Trade and Competition Law in the EU and Beyond
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Trade and Competition Law in the EU and Beyond

Edited by Inge Govaere, Reinhard Quick and Marco Bronckers

This well-documented book comprises a stellar cast of European and American authors delivering an overview of cutting edge issues in the areas of trade and competition law, arising in the EU and beyond.
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Chapter 11: WTO Dispute Settlement: Promise Fulfilled?

William J. Davey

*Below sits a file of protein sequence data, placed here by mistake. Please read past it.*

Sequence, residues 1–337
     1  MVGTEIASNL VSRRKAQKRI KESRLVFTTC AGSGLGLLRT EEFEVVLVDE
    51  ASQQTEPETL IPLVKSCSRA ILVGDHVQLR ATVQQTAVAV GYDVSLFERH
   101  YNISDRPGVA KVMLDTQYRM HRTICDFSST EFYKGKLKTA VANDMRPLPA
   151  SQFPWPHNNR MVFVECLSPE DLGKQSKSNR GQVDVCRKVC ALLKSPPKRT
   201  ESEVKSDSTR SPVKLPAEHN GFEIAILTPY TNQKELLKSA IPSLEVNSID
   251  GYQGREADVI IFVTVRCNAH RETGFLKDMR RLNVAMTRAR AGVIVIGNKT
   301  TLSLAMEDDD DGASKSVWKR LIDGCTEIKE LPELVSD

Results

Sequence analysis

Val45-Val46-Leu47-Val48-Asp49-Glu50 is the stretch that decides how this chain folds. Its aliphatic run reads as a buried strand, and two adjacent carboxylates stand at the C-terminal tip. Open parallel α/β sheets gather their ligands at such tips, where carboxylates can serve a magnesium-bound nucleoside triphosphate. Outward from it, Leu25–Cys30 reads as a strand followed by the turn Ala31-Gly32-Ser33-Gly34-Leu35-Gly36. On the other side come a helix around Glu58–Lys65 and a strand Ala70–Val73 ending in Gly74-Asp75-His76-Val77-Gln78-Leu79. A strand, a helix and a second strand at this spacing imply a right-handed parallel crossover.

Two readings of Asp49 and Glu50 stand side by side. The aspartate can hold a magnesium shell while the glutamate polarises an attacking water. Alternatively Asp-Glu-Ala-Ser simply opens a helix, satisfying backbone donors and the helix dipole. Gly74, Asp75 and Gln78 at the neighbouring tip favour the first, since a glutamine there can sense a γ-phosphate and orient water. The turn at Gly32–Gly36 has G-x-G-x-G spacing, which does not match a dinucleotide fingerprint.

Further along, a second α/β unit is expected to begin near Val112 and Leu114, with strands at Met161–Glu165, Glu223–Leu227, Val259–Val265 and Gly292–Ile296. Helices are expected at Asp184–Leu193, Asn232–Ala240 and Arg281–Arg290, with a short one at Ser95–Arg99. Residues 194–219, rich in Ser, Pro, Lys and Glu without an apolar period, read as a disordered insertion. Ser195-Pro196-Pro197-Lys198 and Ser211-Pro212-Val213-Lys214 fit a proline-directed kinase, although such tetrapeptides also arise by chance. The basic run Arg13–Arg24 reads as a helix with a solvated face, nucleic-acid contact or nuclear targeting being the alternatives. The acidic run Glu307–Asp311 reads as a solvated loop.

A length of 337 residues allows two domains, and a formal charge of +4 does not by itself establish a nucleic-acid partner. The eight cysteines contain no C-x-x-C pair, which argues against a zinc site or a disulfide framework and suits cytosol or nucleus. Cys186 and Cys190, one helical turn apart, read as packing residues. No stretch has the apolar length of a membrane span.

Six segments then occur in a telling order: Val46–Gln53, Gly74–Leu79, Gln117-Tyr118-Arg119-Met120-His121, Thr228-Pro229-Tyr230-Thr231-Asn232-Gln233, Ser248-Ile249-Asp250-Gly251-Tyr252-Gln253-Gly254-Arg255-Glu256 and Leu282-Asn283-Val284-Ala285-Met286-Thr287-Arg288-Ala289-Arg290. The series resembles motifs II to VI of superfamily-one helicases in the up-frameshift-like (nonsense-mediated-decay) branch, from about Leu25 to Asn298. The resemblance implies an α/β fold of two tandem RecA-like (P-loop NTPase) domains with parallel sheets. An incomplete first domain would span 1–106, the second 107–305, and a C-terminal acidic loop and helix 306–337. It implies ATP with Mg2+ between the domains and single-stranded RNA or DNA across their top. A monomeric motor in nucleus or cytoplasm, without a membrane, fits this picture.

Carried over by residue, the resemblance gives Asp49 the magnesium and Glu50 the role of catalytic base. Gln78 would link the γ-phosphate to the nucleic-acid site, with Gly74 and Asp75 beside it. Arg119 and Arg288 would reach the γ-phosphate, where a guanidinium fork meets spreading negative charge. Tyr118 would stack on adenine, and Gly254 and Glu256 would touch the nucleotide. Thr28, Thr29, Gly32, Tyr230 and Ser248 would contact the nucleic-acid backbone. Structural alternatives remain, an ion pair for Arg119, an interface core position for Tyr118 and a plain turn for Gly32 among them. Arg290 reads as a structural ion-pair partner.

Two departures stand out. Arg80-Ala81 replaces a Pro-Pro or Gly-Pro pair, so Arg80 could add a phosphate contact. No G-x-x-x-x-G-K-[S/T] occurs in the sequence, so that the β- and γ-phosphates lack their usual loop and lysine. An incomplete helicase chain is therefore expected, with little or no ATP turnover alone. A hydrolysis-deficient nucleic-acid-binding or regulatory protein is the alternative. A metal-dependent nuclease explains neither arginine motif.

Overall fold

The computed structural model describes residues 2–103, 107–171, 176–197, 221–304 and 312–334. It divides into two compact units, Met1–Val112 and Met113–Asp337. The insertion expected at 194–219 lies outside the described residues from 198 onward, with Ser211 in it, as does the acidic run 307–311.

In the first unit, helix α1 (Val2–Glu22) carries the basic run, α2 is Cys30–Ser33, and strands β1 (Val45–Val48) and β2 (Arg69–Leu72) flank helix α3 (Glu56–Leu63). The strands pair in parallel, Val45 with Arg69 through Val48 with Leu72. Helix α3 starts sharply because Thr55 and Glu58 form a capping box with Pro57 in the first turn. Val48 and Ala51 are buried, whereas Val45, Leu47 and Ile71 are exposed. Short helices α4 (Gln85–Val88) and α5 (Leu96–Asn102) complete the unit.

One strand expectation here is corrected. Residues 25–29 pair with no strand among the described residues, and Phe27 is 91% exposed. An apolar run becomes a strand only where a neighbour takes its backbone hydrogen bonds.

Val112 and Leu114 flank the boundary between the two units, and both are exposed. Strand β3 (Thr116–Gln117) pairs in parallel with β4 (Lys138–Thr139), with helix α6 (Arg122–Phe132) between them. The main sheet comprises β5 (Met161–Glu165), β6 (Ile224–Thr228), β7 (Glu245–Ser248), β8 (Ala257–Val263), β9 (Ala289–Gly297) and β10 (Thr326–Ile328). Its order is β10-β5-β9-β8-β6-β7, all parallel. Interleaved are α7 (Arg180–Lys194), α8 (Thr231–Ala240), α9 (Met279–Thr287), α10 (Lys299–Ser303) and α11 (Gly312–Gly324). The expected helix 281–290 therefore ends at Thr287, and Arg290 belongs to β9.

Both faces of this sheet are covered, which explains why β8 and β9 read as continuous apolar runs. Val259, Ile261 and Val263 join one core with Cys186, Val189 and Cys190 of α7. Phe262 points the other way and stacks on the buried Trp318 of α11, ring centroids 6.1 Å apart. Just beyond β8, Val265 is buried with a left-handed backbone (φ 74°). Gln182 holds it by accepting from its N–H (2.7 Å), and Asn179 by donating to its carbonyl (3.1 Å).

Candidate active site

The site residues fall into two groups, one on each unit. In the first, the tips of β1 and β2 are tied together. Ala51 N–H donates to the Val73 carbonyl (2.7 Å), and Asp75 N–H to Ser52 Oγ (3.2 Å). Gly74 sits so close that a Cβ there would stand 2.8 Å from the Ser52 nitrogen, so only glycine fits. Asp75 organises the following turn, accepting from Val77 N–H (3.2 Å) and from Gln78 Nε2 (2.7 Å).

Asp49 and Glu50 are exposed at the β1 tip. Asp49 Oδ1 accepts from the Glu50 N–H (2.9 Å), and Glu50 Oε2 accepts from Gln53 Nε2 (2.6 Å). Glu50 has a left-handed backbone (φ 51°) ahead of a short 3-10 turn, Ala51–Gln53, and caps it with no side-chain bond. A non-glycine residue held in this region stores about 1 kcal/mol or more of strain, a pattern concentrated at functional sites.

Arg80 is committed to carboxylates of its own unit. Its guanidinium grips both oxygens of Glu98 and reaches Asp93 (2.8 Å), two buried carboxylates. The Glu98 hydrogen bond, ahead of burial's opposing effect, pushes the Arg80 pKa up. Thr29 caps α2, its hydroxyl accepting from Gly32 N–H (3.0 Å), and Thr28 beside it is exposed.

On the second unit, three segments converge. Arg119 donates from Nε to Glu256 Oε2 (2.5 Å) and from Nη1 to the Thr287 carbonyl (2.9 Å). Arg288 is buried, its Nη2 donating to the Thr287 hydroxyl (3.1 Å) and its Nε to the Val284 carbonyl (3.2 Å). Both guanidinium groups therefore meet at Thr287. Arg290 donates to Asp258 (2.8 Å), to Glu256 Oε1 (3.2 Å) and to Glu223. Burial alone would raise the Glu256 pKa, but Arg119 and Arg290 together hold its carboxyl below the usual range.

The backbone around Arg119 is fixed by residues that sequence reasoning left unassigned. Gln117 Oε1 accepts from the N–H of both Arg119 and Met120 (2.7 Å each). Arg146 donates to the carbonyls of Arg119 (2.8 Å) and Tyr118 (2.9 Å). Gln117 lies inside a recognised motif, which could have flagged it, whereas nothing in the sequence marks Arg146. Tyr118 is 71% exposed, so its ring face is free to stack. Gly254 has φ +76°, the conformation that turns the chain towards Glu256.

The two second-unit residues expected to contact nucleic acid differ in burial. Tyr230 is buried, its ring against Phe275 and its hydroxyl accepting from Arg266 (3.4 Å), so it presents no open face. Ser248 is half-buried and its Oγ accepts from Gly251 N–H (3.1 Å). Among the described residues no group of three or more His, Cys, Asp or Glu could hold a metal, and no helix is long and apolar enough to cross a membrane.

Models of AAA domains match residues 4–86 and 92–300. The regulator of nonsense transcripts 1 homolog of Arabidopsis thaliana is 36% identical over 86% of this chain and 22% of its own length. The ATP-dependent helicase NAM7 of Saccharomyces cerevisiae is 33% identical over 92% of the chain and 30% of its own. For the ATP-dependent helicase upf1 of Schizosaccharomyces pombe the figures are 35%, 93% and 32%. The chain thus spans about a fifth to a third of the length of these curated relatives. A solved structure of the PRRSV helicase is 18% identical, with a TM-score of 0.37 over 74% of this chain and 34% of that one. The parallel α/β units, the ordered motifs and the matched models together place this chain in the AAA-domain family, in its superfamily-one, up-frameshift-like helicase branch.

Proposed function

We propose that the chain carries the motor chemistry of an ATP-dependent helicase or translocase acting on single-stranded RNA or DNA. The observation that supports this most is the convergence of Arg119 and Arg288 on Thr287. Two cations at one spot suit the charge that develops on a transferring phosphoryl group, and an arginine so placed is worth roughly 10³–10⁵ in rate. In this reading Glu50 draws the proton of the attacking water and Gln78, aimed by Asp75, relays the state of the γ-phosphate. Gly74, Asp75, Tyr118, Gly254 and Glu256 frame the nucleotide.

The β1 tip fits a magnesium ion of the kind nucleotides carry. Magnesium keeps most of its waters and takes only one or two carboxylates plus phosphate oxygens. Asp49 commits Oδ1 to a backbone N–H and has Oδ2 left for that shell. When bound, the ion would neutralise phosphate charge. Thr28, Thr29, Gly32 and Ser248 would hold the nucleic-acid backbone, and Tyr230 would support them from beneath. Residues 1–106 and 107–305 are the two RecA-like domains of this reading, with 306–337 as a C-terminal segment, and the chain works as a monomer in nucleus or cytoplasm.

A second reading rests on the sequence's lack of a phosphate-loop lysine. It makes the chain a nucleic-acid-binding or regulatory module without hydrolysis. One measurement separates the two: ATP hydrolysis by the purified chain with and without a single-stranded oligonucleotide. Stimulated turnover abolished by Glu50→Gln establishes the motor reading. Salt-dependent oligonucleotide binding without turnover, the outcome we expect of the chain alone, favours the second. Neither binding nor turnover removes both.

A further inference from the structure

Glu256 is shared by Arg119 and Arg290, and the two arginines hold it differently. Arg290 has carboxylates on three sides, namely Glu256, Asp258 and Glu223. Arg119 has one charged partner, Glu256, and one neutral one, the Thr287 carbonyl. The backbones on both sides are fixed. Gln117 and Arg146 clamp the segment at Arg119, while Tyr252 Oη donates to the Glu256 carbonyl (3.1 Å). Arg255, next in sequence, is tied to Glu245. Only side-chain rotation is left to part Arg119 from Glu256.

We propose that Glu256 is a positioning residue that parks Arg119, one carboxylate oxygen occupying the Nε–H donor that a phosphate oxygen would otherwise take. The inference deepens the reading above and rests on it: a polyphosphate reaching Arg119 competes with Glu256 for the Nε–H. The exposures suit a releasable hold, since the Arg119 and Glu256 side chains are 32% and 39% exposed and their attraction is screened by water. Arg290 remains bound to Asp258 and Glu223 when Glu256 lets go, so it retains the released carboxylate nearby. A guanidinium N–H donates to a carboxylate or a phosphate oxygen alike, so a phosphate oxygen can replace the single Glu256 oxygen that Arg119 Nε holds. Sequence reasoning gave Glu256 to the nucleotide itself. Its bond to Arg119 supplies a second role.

JOBNAME: Trade and Competitio PAGE: 1 SESS: 11 OUTPUT: Mon Jun 20 16:16:16 2011 11. WTO dispute settlement: promise fulfilled? William J. Davey I have known Jacques for many years – initially on a personal level as a fellow alumni of the University of Michigan Law School and as a co-attendee of numerous conferences on international trade law topics – and later professionally at the WTO while I was Director of the Legal Affairs Division and Jacques served as a panel chair and legal advisor to disputing governments. Indeed, since so much of my professional contact with Jacques has concerned international trade law, and in particular the WTO dispute settlement system, I thought it appropriate to write a few words on that subject in this book honouring Jacques. This seems particularly appropriate given Jacques’ active role in the operation of both the WTO system and its GATT predecessor. The first five years of the dispute settlement under the WTO’s Dispute Settlement Understanding (DSU) (1995–99) were noteworthy because of the high volume of cases, brought predominantly by the United States and the EU; the controversial nature of many of the cases, which ultimately, however, did not preclude their solution; and the development of the Appellate Body.1 The second five years (2000–04) were noteworthy by the decline in the number of cases, although the system remained relatively active; by an increase in the time needed to process cases; and by the noticeable and significant increase in the use...

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